All right, so let's do some cases,
because, you know, I'm sure you are wondering,
how are we gonna tie this back to USMLE exams?
We can, don't worry.
I'm gonna talk about some of the--
how these principles actually play out in case scenarios
which are those case stems
are what you are going to see on USMLE,
and how you're gonna answer
in an evidence-based and empathic way for some of these issues.
So I've got a-55-year-old man, history of hypertension,
type 2 diabetes, hyperlipidemia,
constant dull pain over his left chest for two weeks.
A little bit more history,
it does not radiate and it's not associated with other complaint,
such as shortness of breath or nausea and vomiting.
His vital signs and his physical examination are normal.
What's the next best step in this case?
Is it A. Inquire whether the pain changes with physical activity.
B. Order an electrocardiogram straight away.
C. Nuclear stress study.
or D. Serum D-dimer level.
And the answer is A.
Now, we have some history here,
and it's interesting because it's a man
who's got some chest pain.
He's got all the major cardiovascular risk factors
in terms of chronic illness,
but it's a constant dull pain for two weeks.
That doesn't tell me
that this is necessarily angina which should come and go.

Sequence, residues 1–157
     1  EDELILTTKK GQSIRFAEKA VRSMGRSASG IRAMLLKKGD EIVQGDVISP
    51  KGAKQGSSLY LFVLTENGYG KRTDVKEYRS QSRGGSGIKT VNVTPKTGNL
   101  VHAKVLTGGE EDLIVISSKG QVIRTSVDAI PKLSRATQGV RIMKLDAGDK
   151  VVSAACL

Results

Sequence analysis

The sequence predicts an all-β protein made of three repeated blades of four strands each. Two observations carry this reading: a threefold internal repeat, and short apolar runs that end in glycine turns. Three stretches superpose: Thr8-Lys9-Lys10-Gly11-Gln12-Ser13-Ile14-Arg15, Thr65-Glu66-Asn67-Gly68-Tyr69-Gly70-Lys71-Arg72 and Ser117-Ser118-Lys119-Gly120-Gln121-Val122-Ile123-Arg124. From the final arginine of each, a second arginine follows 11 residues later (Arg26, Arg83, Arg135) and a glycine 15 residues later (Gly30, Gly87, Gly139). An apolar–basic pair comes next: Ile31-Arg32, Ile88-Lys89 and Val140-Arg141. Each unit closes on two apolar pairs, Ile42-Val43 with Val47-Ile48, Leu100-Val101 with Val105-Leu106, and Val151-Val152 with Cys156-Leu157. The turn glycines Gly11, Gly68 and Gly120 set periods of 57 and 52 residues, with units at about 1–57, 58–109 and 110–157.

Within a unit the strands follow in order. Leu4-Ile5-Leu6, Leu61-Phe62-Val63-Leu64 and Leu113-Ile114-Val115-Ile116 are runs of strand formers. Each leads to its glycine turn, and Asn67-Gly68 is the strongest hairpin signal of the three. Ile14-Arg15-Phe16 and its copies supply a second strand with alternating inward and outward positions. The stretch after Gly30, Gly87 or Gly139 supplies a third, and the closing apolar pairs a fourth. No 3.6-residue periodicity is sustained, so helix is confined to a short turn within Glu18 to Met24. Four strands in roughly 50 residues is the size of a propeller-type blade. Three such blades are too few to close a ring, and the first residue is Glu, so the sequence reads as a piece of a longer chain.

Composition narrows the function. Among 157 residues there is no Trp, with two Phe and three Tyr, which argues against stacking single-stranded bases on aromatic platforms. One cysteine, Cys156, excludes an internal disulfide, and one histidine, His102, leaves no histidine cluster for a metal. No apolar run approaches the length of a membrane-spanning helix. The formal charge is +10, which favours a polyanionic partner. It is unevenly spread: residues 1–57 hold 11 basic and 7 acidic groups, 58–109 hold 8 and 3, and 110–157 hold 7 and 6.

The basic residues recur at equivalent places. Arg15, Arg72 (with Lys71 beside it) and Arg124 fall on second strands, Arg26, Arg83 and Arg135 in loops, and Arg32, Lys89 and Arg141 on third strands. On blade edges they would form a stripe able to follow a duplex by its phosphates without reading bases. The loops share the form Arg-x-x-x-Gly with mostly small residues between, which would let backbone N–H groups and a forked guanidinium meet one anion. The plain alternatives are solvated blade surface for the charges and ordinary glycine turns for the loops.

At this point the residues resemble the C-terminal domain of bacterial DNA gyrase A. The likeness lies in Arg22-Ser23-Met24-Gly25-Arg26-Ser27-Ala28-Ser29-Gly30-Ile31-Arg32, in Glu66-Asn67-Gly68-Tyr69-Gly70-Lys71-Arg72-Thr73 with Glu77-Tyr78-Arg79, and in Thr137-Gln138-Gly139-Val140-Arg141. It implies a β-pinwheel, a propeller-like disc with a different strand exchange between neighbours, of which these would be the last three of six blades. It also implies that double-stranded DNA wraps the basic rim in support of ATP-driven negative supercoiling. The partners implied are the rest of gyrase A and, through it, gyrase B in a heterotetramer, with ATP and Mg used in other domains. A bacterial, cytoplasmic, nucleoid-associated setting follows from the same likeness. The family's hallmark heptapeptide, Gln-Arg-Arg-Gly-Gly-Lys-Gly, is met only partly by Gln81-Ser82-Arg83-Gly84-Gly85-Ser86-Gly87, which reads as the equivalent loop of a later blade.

And of course, the critical issue is,
does it come and go and get worse with exercise
and that's why the answer is A?
It also doesn't radiate nor associate
with other complaints that you might see with angina
and shortness of breath, nausea or vomiting,
and his physical exams are all normal.
So the next best step in this case is, let's get more history.
We are a history-driven specialty.
If you wanna be patient-centered.
Does he need an electrocardiogram, option B.
Probably, but not before we get more history,
because there is a lot to be left to be discovered in this case
just with history alone and for restratification.
And certainly, I'd want that stratification done
before I order either a nuclear stress study
to check his coronary arteries or a serum D-dimer level,
because I'm worried about pulmonary embolism
which this sounds nothing like a pulmonary embolism.
So that's some of the principles playing out here is that
in general, if you think about these questions
and case stems from a family medicine perspective,
getting more history of observation
are generally gonna be more profitable answers for you,
and it's evidence-based care as well.
All right, let's do another one.
How about low back pain?
Sixty two-year-old woman
complains of low back pain for three weeks in duration.
She has occasional radiation of the pain
down her right posterior thigh.
Over-the-counter analgesics and stretching
have been moderately helpful for the pain,
and her physical examination is unremarkable.
So a limited history, limited case stem.
What should you do for this patient now?
A. Order plain radiography of the lumbar spine.
B. Order an MRI of the lumbar spine.
C. Prescribe a muscle relaxant
or D. Continue current therapy
and consider a referral to physical therapy.
So let's see.
Thinking like a family doctor.
The answer is D.
So she's getting some moderately relief,
the pain has being going on for three weeks